00;45;35;08 – 00;45;44;20

Tessa Bain

I actually want to take the time and see if there’s a way that I could help. And so every year that’s my resolution. It’s leave people better than when you found them. Andrew’s looking up his resolutions on his phone.

 

00;45;45;06 – 00;45;54;23

Bobby Bonett

Yeah, Andrew’s googling and Tess. Just came up with this really passionate and lovely resolution that I’m going to share with my daughters. Andrew’s just looking for the most popular New Year’s resolutions on Google. Right now.

 

00;45;54;23 – 00;46;01;19

Andrew Lane

I resolve to improve my Google skills. Start with because this shouldn’t be so difficult.

 

00;46;01;19 – 00;46;09;02

Tessa Bain

You know what I think his resolution should be is like for dad jokes just may be going for quality over quantity in 2023.

 

00;46;09;18 – 00;46;31;07

Bobby Bonett

I think I think about that just assigned Andrew his New Year’s resolution. Yeah. So. So I’ll give mine and then we’ll let Tess take it home. I new is New Year’s resolution is not to let Arlene Lenny or Margaret use my Spotify so I can finally have a Spotify wrapped for the first time in seven years that isn’t packed with Disney songs and the soundtrack from Sing 2 and horrible kids Bob covers.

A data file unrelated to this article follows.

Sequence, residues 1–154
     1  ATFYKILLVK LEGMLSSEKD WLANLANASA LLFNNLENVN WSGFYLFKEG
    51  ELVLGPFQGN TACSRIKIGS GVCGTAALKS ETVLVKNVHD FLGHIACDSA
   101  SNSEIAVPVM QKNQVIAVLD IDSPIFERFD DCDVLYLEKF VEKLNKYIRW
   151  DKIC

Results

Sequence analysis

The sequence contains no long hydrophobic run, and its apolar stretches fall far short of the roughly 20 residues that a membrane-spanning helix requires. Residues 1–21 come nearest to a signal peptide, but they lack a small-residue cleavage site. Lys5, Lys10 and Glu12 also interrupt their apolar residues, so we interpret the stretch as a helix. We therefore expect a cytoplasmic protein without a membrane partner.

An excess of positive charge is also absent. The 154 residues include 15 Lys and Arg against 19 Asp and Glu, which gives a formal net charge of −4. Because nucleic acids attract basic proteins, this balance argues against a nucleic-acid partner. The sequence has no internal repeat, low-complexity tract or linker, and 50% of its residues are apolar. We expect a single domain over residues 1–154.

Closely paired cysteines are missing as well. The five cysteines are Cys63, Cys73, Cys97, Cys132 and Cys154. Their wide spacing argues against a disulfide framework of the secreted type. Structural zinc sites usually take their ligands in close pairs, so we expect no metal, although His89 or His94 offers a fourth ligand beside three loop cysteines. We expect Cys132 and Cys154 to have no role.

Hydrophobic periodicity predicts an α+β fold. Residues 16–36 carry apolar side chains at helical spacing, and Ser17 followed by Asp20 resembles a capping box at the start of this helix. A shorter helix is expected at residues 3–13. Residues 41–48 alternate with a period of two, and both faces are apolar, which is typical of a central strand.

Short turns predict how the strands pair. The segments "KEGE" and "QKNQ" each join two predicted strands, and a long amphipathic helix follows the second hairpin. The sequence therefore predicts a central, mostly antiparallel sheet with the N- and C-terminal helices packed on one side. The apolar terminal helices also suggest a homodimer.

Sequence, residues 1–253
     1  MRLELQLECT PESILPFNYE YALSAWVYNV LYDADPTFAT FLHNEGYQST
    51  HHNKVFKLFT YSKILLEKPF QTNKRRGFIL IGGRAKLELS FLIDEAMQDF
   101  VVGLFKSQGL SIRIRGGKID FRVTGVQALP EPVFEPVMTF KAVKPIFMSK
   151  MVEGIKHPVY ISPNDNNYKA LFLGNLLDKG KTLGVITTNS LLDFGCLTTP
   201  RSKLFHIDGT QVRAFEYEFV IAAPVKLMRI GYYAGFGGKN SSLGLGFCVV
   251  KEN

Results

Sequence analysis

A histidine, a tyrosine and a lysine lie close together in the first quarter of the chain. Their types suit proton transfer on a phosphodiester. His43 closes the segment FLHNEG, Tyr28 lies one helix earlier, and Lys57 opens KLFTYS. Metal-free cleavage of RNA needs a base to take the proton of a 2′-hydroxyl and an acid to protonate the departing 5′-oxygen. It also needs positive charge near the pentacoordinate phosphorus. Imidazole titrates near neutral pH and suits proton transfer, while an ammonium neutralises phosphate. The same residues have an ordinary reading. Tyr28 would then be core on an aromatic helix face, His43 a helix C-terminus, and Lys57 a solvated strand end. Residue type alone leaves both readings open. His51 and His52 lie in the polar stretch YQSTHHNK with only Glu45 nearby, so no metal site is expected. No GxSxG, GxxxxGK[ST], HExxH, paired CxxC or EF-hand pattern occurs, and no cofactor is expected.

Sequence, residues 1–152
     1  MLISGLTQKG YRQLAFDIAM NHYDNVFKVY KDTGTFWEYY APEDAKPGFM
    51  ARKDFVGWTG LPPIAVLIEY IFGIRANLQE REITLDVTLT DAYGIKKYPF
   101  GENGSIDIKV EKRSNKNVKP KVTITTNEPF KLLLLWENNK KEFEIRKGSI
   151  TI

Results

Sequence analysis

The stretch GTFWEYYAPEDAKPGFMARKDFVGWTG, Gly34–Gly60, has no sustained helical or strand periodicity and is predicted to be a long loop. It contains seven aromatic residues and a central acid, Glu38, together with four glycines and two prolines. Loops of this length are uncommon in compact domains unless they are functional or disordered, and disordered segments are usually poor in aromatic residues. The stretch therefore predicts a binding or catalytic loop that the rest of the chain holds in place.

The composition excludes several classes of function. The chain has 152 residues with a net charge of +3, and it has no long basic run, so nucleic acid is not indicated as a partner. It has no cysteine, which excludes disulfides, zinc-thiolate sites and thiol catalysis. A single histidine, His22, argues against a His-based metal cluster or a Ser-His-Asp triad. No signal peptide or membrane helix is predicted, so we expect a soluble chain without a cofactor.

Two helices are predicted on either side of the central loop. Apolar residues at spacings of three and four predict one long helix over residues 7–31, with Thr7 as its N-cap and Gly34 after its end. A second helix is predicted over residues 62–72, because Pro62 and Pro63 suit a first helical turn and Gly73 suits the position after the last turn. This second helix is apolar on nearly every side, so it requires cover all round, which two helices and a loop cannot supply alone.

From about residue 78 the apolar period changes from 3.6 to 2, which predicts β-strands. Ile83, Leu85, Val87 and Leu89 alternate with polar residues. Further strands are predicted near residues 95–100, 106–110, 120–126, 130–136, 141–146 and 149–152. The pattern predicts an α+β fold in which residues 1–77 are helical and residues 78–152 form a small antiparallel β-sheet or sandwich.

00;46;31;19 – 00;46;41;06

Bobby Bonett

So Arlene and Lenny now have their own Spotify accounts. They can’t use mine, and I can’t wait to tell everybody what my actual wrapped looks like next year. Tess. Do you want to wrap the episode today and take us to the finish line?

 

00;46;41;22 – 00;47;01;02

Tessa Bain

Well, that was an excellent first episode for 2023, and as always, it was a pleasure hanging out with you, Bobby and Andrew. I wanted to give a big thank you to our production team, Sam Wize and Hannah. You are wonderful and we couldn’t do it without you. And that includes the whole studio by SANDOW Barriers to Entry as part of the SURROUND Podcast Network.

 

00;47;01;14 – 00;47;09;07

Tessa Bain

Make sure you go to SURROUND podcast dot com. That’s podcasts with an S and as always, smash the follow button.

 

00;47;09;19 – 00;47;10;25

Bobby Bonett

Yes, smash.

 

00;47;10;25 – 00;47;25;11

Andrew Lane

The follow hard. And of course, make sure you join us next time as we continue to break down barriers to entry. I’m still sitting here going, What do I resolve to do next year?

 

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Andrew Lane Host profile picture

Andrew Lane

Andrew Lane is Co-founder of digby, co-founder of Interior Design Magazine’s (MAD) Awards and co-host of the podcast Barriers to Entry.

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Bobby Bonnett Host profile picture

Bobby Bonett

Bobby Bonett is EVP of Digital and strategic growth at SANDOW Design Group and co-host of the podcast Barriers to Entry.

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Tessa Bain Host profile picture

Tessa Bain

Tessa Bain is a digby co-founder, co-founder of Interior Design Magazine’s MAD Awards and also co-host of Barriers to Entry.